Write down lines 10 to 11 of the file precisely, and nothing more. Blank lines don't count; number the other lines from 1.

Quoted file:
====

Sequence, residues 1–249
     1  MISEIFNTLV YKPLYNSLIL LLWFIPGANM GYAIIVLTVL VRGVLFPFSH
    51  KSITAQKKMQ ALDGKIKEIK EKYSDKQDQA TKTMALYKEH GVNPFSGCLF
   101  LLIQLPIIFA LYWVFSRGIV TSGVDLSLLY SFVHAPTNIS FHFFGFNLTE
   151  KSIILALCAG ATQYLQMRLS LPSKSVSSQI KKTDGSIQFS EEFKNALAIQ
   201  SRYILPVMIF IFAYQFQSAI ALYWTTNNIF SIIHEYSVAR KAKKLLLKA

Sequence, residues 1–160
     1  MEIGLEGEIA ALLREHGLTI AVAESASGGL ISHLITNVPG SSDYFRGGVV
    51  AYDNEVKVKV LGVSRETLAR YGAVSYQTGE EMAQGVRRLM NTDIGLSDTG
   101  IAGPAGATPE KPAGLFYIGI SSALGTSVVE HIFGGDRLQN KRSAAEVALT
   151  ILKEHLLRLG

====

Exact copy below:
   101  IAGPAGATPE KPAGLFYIGI SSALGTSVVE HIFGGDRLQN KRSAAEVALT
   151  ILKEHLLRLG